Benenson’s promotion for Harbor Voices launched in September. Leveraging attention for this remarkably ambitious project is an essential component as more involvement means more impact. Straight away it fostered community and brought opportunities. For example, Benenson spoke about the project and shared audio of the stories with Rose Baker seniors, Gloucester Rotary and the Cape Ann Museum’s Red Cottage Society. Someone from Beverly has already underwrittten support for a class at Veteran’s Memorial Elementary School. She spoke about the project with Joey as part of GMG podcast #253
As a third generation Cape Ann artist, Benenson is especially excited to “create art and conversations around our cultural heritage and our contributions to the vibrant mix of people that live on Cape Ann.”
See more pictures and read more about the artist
It was so much fun seeing you at the Stage Fort Park Visitor’s Center Opening. Thank you for posing with the new Cape Ann Foodies Signature Fork.
Here are a few pictures of some of the Usual Tourism Suspects mugging with the Fork.
Cape Ann Foodies is the creation of Gloucester local Patrick Halloran. What a great idea – a walking tour that combines History, Food, and Local Beer. It is fun and filling!
Check out the website: http://www.capeannfoodietours.com or give him a call at 617-902-8291.
I am excited to be one of his tour guides this year; just need to lose the crutch and I’m good to go.
As you know, I have been looking at things that “lift my heart, open my mind and take my breath away” and the Banana Glam O Rama Fashion Show at City Hall did all those things and more!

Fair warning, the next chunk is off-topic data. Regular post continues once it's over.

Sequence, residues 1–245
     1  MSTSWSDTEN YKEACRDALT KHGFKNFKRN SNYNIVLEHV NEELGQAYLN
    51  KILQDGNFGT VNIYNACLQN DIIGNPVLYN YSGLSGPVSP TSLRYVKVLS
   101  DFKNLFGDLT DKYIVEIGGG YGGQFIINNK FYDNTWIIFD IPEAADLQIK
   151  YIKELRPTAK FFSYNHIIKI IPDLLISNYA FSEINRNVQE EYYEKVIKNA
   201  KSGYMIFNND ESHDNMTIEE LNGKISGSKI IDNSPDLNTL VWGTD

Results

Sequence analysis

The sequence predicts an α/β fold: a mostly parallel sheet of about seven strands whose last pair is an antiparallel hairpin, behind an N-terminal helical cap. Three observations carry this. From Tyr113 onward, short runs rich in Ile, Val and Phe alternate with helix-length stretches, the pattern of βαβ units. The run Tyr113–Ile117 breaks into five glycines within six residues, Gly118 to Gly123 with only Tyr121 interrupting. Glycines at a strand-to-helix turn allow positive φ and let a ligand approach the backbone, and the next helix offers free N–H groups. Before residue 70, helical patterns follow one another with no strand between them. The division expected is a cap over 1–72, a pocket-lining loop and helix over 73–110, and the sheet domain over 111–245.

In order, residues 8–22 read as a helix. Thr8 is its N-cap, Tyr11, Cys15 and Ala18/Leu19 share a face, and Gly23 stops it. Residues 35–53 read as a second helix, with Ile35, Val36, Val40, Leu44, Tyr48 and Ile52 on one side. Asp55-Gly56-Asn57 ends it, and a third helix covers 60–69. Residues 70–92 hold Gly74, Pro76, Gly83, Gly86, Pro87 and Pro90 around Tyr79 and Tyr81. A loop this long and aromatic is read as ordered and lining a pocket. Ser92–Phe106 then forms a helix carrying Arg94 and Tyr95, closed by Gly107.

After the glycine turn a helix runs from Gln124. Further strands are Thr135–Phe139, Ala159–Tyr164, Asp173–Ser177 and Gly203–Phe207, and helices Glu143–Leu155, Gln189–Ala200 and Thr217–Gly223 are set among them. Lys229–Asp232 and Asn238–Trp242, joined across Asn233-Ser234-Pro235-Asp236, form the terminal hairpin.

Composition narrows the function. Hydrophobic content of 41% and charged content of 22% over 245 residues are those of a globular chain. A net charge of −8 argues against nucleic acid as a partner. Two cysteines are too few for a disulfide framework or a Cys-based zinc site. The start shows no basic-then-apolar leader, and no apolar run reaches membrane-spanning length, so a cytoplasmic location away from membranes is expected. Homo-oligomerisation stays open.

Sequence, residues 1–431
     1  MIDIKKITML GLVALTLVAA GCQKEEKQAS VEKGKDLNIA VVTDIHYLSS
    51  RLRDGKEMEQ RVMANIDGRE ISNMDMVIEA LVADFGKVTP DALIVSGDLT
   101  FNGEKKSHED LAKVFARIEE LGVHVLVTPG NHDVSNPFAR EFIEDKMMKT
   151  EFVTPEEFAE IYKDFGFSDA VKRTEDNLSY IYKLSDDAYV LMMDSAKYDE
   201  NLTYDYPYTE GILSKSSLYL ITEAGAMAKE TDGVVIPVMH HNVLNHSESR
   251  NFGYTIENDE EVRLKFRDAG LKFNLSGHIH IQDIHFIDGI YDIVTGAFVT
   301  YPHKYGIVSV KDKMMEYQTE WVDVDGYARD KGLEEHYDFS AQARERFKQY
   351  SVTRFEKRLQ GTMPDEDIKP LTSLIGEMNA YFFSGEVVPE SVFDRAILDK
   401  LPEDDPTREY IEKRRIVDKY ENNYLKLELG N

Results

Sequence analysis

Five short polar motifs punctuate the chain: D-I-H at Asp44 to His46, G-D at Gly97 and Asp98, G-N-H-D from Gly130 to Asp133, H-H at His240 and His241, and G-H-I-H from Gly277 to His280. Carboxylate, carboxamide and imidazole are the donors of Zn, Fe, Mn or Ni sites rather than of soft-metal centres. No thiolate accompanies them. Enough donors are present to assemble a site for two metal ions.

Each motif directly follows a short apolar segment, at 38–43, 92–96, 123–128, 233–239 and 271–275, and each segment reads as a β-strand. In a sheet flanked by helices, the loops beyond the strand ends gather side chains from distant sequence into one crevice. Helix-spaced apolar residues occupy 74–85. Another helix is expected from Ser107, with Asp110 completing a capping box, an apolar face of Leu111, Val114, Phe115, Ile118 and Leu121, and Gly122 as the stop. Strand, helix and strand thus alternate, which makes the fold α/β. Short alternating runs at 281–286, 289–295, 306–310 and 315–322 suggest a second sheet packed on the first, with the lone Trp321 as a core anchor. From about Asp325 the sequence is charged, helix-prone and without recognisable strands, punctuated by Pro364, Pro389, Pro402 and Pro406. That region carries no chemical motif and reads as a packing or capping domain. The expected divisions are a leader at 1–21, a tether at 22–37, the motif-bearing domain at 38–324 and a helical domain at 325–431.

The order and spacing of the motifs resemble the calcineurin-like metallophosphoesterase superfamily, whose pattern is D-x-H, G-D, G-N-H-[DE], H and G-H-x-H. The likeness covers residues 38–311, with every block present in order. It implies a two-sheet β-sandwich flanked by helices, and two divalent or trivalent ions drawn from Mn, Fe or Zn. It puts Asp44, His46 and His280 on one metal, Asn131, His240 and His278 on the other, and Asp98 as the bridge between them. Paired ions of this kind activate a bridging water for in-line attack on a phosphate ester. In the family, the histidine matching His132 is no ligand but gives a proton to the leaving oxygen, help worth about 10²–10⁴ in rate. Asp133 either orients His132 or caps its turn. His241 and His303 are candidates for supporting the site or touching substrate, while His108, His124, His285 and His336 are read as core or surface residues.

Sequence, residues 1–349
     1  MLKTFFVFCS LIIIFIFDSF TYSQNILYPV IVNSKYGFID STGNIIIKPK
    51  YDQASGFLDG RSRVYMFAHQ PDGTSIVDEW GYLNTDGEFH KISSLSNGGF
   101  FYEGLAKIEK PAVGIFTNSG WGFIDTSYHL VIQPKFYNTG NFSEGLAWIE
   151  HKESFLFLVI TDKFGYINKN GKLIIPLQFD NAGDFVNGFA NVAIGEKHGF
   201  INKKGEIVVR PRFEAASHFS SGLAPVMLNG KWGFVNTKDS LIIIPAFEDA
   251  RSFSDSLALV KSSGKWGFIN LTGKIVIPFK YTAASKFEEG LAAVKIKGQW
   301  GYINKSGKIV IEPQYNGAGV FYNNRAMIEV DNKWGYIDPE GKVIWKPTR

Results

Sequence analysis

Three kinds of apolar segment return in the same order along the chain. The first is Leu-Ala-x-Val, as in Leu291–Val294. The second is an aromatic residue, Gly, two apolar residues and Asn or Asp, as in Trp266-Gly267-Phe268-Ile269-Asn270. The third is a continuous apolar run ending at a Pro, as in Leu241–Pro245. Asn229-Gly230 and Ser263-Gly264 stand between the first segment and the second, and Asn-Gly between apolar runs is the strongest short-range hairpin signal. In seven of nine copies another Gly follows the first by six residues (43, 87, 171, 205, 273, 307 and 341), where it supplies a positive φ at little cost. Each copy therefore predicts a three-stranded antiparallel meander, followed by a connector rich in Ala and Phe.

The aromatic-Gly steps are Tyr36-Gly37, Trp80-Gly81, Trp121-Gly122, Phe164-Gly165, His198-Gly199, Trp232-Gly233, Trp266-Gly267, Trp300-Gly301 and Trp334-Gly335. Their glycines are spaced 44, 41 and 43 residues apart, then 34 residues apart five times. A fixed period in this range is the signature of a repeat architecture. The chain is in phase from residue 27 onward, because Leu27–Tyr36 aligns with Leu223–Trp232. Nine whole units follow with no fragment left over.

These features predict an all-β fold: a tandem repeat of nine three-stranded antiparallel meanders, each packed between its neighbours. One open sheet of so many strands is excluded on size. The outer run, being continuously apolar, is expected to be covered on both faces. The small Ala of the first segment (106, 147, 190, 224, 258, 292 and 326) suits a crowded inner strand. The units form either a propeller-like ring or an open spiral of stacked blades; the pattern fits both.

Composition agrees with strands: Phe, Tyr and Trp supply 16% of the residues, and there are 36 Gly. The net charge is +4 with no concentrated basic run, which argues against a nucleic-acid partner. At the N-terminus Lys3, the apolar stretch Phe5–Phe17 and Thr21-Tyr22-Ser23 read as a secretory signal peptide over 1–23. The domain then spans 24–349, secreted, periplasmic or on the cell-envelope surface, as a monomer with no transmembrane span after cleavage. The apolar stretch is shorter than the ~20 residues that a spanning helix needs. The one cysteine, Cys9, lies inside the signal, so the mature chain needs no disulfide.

I am intimidated to even take a stab at recording it, out of fear that I am not doing it justice, but I can’t resist your plea so here goes:
As Jackie Hardy commented, from the moment the lights dimmed and the music started, there was a palpable feeling that we had been transported to Broadway.
And then the first set of gorgeous women glided onto the stage looking like a 30’s Hollywood extravaganza come to life.
The production values were incredible: everyone and everything looked and sounded stunningly gorgeous against the dramatic backdrop of City Hall’s Kyrouz Auditorium. (And the silhouettes underneath the “Build not for today alone, but for tomorrow as well” quote were astounding!)
As a producer/director, Richard Leonard channeled Florenz Ziegfeld and Busby Berkeley; as a performer, he channeled Maurice Chevalier and Nelson Eddy. Most importantly, he added his own inimitable flair and essential Richard Leonard-ness to all of the above and gave us the show of a lifetime!
Each routine was masterpiece: from Carmen Miranda to Marilyn Monroe & Jane Russell to (yes!) Tom Jones…and all points in between.
It was a perfect mix of costumes, beauty, talent, humor, music, history and culture.
A special shout out to my sissy, Elise, whom many thought was a dancer by the way she moved so gracefully across the stage. She epitomized 30s glamour and as Sue Ferhmann said (looking striking and elegant herself in a classic tuxedo), it doesn’t hurt when you look like Elise!
And to Maggie Rosa’s very apt assessment that this event was a celebration of 2 Gloucester icons: Richard Leonard and City Hall, I add a third: Margi Green’s legs! Her already popular Relax and Lengthen stretching classes at the Arts & Wellness Center (222 Eastern Ave.) will now have waiting lists I’m sure!
I could go on and on (but I won’t!)…instead I will just leave you with this point: my daughters, who were mesmerized for the entire performance (although my younger daughter did cover her eyes with her program duringTom Jones‘s gyrations!), were so inspired that they promptly acted out their own version of the spectacular Sisters act they had just witnessed (nuns (!) singing the song made famous by Rosemary Clooney and Vera-Ellen in White Christmas). As event visionary and organizer Kathy Slifer put it, “that’s what it’s all about!”